When you realize there is nothing lacking,
the whole world belongs to you.
I HEARD THIS QUOTE the other day, and it reminded me of a feeling that keeps coming back to me these days: that I am lacking nothing. I have health, happiness, peace of mind, and love. I have wonderful living conditions. I have a lot of things I don’t need, but that I like. I have enough.
My life is so good. I realize that might seem boring. So much of life for many of us is wrapped up in the pursuit of things—things to acquire, to accomplish, to see and do. What if we decided we’ve got all we need and we are doing enough? It could be an uncomfortable thought. A lot of people seem to thrive on striving for more.
I could, if I had to, try writing a bucket list of things I’d like to do, experiences I haven’t had, places I’ve never been, things I want that I don’t have…but I am long past thinking I can find real happiness externally. Moments of it, sure. I like to travel and experience new things as much as the next guy. But I don’t require such things to be happy or to feel my life is complete.
There is a manic, YOLO quality to some of these bucket lists. You may (or may not) only live once, and you’re smart to not want to waste your human life. But does that mean we need to rush through life chasing after everything that grabs our attention?
A part of the thrill seems to come from checking things off the bucket list. There’s a little endorphin rush. I get it. But are we valuing the destination over the journey? (I just discovered a wonderful New Yorker article on bucket lists, inspired by President Obama’s stop at Stonehenge, that asks similar questions.)
I wonder if anybody has ever completed everything on their bucket list. Then what? Does completion bring fulfillment? Or depression? It seems to be in the nature of these lists to be never-completed. Our desires cannot be sated by accumulating experiences, so we keep adding more.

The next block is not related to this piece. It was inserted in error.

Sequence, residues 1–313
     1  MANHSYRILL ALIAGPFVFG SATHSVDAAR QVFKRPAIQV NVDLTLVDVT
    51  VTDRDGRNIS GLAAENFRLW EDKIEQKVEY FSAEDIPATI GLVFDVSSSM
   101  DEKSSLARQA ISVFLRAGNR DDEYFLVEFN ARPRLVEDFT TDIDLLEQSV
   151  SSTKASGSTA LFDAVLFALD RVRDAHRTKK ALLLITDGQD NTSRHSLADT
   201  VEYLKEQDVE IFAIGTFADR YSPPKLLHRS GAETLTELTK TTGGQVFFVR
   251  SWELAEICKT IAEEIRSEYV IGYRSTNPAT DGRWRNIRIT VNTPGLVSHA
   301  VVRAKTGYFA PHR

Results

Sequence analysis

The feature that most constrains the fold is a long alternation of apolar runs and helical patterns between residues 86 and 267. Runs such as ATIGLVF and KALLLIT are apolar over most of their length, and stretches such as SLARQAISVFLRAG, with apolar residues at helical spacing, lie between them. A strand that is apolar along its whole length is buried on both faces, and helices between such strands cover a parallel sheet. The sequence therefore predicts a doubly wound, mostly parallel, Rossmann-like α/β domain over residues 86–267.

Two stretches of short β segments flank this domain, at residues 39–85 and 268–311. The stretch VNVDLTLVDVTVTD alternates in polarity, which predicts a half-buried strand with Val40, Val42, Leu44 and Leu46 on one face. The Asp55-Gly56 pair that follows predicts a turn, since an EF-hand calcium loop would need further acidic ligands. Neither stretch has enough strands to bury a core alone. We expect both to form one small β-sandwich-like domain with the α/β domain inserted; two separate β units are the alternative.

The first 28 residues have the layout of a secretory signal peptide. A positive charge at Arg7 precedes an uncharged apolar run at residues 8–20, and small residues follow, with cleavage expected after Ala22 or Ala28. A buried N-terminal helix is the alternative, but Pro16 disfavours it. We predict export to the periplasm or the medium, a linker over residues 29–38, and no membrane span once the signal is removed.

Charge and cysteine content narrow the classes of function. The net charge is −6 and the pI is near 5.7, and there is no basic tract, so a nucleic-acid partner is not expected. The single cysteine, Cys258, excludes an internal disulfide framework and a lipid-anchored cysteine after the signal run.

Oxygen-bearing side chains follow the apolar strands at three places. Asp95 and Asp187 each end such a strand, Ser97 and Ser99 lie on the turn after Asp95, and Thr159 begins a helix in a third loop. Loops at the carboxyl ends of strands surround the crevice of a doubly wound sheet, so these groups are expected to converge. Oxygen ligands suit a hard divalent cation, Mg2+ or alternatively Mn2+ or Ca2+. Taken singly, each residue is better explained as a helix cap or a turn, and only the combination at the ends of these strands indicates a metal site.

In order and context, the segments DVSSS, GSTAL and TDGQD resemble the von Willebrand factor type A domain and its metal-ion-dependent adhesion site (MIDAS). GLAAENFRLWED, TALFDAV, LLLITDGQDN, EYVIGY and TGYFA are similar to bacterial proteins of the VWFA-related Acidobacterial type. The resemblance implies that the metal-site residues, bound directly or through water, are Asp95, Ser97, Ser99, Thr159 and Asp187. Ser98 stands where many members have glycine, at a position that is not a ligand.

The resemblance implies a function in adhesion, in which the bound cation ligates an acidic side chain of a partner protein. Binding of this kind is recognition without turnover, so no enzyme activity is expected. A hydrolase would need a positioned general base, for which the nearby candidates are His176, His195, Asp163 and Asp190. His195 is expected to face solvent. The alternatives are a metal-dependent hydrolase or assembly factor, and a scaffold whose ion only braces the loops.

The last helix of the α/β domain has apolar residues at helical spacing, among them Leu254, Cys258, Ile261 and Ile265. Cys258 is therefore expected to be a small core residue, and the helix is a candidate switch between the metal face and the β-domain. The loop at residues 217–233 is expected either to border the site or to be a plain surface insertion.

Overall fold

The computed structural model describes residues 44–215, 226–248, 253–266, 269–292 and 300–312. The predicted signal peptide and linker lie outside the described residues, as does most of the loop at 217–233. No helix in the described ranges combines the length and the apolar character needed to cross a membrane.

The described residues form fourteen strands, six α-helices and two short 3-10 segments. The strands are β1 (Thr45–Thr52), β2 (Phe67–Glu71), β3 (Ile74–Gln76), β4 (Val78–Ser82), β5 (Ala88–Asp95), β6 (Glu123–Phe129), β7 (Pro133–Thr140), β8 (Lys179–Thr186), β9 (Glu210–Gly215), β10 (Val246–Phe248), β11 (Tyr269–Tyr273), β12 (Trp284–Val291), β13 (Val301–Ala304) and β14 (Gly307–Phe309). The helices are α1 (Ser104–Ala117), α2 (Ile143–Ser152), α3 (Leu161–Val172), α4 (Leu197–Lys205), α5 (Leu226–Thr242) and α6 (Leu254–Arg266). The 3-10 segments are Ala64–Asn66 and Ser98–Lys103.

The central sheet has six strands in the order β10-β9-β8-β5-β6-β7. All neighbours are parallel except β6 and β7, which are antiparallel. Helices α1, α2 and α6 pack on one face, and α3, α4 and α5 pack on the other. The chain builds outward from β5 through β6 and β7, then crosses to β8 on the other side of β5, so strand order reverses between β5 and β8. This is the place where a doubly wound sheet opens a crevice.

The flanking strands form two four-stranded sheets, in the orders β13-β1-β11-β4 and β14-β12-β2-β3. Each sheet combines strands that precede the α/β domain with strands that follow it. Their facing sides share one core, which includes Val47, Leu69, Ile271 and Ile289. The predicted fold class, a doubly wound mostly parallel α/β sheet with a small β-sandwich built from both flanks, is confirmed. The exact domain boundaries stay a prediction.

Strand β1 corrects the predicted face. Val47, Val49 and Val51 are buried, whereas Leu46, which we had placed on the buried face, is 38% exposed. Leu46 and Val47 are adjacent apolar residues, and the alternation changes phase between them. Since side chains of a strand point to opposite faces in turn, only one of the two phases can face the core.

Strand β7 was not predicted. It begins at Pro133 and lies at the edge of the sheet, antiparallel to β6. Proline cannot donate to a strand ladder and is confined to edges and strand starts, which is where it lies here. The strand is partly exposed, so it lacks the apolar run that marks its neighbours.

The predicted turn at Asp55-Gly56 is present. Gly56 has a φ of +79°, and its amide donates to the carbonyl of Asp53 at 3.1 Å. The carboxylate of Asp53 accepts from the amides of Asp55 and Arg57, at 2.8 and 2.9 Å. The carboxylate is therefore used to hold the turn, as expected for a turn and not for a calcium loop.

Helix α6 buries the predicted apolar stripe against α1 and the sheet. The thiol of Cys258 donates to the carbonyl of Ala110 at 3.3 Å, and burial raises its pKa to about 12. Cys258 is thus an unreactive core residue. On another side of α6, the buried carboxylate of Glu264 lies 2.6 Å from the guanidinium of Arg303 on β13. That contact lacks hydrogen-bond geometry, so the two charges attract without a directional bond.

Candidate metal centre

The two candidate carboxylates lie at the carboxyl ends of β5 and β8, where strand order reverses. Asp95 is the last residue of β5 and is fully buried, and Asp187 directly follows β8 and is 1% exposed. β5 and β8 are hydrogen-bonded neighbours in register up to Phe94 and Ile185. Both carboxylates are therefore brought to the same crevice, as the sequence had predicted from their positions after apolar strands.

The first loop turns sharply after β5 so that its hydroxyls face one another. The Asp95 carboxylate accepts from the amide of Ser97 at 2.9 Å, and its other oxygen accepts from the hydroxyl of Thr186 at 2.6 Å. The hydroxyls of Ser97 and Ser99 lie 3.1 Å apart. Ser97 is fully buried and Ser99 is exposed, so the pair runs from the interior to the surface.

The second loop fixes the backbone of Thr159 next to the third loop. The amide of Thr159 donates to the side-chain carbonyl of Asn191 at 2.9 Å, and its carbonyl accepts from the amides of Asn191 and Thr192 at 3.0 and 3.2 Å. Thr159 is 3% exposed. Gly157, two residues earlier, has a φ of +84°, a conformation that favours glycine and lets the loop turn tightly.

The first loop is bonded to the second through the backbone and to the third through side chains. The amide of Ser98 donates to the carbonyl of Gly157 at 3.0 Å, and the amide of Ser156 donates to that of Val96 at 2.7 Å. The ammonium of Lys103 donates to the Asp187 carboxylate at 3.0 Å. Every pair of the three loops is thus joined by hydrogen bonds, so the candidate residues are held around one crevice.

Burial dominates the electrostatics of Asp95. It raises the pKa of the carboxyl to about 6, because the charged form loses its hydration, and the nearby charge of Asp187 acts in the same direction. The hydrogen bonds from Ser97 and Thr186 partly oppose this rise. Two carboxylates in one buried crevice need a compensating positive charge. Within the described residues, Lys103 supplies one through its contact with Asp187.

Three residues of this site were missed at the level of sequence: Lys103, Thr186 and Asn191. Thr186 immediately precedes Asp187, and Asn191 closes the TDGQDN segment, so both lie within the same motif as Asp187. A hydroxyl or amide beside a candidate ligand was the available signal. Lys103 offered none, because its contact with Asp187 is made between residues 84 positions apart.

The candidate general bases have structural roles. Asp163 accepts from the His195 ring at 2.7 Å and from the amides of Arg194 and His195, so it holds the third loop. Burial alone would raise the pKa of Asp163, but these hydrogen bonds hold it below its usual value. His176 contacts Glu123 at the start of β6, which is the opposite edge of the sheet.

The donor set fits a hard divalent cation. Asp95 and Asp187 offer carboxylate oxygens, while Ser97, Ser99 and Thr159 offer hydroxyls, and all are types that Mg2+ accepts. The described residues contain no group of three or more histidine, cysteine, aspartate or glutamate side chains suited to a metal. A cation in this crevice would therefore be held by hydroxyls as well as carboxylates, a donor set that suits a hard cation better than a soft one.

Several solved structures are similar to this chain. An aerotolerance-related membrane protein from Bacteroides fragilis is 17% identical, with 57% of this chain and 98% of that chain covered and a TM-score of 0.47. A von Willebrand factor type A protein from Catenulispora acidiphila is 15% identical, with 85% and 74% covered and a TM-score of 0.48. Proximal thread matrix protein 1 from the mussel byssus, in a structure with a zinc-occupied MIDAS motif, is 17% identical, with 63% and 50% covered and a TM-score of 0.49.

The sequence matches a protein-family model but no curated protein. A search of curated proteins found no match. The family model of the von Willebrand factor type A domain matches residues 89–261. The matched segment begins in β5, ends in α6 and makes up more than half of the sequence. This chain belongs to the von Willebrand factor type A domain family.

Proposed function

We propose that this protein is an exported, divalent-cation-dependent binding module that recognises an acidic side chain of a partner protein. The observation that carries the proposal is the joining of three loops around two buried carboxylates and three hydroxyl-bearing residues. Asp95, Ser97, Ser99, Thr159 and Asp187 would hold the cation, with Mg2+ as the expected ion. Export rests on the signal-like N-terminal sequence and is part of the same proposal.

There is something a little sad about all this. Bucket lists say “This will make me happy.” If you ever take the time to read many of them (there are websites and apps where you can do that), you might be struck by how many list the same predictable things: skydiving, mountain climbing, visiting every continent. Usually things that cost money.
It’s nice to have goals and make plans. I’m glad people are thinking about what will give their life meaning. But that’s the thing—often with these lists, nothing seems very meaningful. It’s all very self-centered. Where are the bucket lists about healing the world or helping to improve the lives of others?
There seems to be an implied presumption on the part of bucket-listers that they (a) are entitled to do or achieve or experience anything they can dream up and (b) will live long enough to accomplish it all (or die trying). Sounds to me like a recipe for extreme frustration.
None of us knows how much time we have left. People die unexpectedly all the time. Taking that quiz on Facebook that tells you at what age you’ll die won’t save you (and, sorry to break it to you, but it tells everyone they’ll live to be over 110); nor will the watch that purports to count down how much time you have left. (The person who steps in front of a bus because they’re checking how much time they have left will be very disappointed!)
There are things I would like to do before I die, but nothing I can’t live without doing. There are things I might like to have, but there is nothing more I need. I would like to live a long life—by some standards, I already have—but I know I might not. That’s life.